concepts to this physical body, because nothing in it PER SE
motivates it to either thought, feeling or action. The invisible
Man is in himself unlocatable PHYSICALLY.

We may look on ourselves as some do, as a "thinking atom," but
that is a materialization which our physical-brain-minds need, to
consider the invisible reality of the personal psychic man, and,
beyond or within that, the Egoic, intuitive, INDIVIDUALITY.

I have spent many years seeking to understand what these names
and words imply. I have observed that names obscure, but
functions, attributes and qualities tend to liberate the thought
when applied to an understanding of the POTENCY OF THE WILL AND

If we are truly immortals, then we ought by degrees to understand
the implications of this fact, and begin to make applications in
our lives to that situation. It implies a UNIVERSALITY, and a
RESPONSIBILITY, which ties the whole of life into a single
kinship which we share all the time with uncountable others, who


by John Algeo

[This message on June 6th by the National President of the 
Theosophical Society (Adyar) inagurated its new mailing list, It is reprinted with permission. For more 
information about this list, write]

To all members and friends of the Society who are Internet users:
welcome to the electronic mailing list of the Theosophical Society 
in America.

This mailing list is dedicated to communicating Theosophy by and
to members of the Theosophical Society and others who are
interested in doing Theosophy via the Internet. It is a small
step forward into a future of gigantic possibilities.

The Theosophical Society evolved out of meetings in 1875 at the
home of Helena Petrovna Blavatsky in New York City, where she
presided over soirees focused upon ancient, Eastern, esoteric,
and symbolic matters. 

In July of that year, Blavatsky decided to establish a
"philosophico-religious Society" with the help of her friend
Henry Steel Olcott to further research in those areas. The
Society was organized during the following September and October,
and on November 17, 1875, Olcott delivered his inaugural address
as the Society's first president, a date since remembered as the
anniversary of the Society's founding.

The infant Society's activities set a pattern for its future:
they consisted primarily of meetings with talks and discussion. 
And members of the Society have been talking and discussing ever

Blavatsky was also engaged in writing her first great book, ISIS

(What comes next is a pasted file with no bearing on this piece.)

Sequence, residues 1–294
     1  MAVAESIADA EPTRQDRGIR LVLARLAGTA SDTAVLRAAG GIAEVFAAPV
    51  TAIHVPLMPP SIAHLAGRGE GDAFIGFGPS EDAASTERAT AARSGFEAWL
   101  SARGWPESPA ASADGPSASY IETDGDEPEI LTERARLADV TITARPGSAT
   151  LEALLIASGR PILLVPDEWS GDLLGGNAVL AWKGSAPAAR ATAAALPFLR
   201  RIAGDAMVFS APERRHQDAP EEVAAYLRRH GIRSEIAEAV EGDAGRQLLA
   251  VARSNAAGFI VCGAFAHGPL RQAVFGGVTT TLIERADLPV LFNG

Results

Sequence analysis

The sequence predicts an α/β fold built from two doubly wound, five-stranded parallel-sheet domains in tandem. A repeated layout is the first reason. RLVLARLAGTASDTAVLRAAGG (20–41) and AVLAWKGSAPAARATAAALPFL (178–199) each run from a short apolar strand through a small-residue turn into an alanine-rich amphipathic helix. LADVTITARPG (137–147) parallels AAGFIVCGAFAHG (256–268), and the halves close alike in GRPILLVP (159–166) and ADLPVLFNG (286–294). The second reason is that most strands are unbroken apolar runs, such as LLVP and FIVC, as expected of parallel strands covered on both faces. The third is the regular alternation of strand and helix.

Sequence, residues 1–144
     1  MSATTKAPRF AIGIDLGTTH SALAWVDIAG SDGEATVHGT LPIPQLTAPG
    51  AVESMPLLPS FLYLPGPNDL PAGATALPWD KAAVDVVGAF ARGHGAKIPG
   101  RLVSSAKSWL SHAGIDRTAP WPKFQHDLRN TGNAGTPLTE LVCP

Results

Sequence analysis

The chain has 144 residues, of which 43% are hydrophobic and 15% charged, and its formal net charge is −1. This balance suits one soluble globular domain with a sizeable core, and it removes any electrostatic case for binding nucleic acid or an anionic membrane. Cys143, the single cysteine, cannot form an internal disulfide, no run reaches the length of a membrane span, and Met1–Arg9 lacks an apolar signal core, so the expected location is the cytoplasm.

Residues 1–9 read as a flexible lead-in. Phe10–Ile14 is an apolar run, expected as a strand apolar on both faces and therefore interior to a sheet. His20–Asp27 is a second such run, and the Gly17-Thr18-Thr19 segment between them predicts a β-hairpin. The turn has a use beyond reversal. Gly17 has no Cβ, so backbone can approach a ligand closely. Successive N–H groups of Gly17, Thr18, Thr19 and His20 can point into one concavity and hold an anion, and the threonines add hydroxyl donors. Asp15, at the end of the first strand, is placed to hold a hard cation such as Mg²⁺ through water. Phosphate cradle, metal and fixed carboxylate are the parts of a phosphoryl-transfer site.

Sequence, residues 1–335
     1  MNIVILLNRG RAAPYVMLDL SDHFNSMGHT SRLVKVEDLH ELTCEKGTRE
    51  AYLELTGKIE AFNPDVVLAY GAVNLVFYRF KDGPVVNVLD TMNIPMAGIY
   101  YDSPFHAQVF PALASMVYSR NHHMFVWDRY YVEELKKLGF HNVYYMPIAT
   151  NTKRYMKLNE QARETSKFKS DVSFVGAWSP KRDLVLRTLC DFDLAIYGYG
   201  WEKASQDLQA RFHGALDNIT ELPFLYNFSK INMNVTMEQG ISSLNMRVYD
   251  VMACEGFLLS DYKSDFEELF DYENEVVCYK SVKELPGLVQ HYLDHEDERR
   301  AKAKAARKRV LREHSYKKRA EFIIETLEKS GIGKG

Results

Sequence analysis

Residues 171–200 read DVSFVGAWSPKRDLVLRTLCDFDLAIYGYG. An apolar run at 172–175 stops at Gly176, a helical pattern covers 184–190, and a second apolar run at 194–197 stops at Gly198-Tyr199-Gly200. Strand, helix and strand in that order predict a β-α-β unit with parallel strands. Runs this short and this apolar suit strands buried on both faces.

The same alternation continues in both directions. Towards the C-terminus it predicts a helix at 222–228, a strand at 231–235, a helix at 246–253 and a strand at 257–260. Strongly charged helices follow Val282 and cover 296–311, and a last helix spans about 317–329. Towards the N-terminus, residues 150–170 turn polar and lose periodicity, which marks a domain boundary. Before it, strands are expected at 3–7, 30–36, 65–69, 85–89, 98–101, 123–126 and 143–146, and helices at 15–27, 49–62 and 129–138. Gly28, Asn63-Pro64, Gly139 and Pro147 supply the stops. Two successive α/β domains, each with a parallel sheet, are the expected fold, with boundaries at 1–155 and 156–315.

UNVEILED, which she had begun even before the foundation of the
Society, so the publication and dissemination of printed works
became another early option in the Society's program of
disseminating Theosophy.

In THE KEY TO THEOSOPHY, Blavatsky listed five ways members can
help the Society. They are (1) studying Theosophy, (2) talking
about Theosophy, (3) circulating books about Theosophy, (4)
defending the Society from "unjust aspersions," and (5) living
Theosophy. In fact those five ways are still as relevant today
as they were in 1889. But some things have changed. In
particular, the channels we use to study, talk, and circulate
books are different. Whereas in HPB's day talk was face-to-face
and printing was done with lead type, today, we have electronic
channels that have revolutionized communication, both written and

With the opening of this Theosophical list, we enter a new world
-- not a world of new activities, but a world of new ways for
carrying on accustomed activities, a world of new possibilities. 
There can be little doubt that if HPB and HSO were living today,
they would be pioneers in this new world of electronic
communication. The Internet, the Web, and whatever comes after
them are not new activities for us, but new ways of doing the old
Theosophy better.

This list is actually the second we have opened. A bit ago we
started a similar list for members of the National Lodge, a
nonlocal association of Theosophists who study together. We have
not yet learned all we need to know about operating such lists
(when we do, we will have completed the Seventh Round on this
Chain -- for those who may not recognize it, that's an allusion
to a Theosophical teaching about the long course of evolution
humanity is engaged in); but we are forging ahead nonetheless.

This list will be open for anyone who wishes to subscribe to it,
member of the Theosophical Society in America or not. But it is
intended primarily for Theosophists, and so assumes that anyone
subscribing to it is interested in Theosophy. It is appropriate
here to repeat some of the words I wrote to National Lodge
members when their mailing list was begun:

The purposes of our Society are many, but its central purpose is
that stated in its first Object: "To form a nucleus of the
universal brotherhood of humanity, without distinction of race,
creed, sex, caste, or color.". How we carry out that Object,
however, must vary with time and circumstances. The Inner
Founders told the first Theosophists what to do, but not how to
do it. How we do the work of the Society today is still our own
responsibility -- our swadharma or individual calling.

How do we form a nucleus? At one time people came together
principally by being in the same physical space at the same time.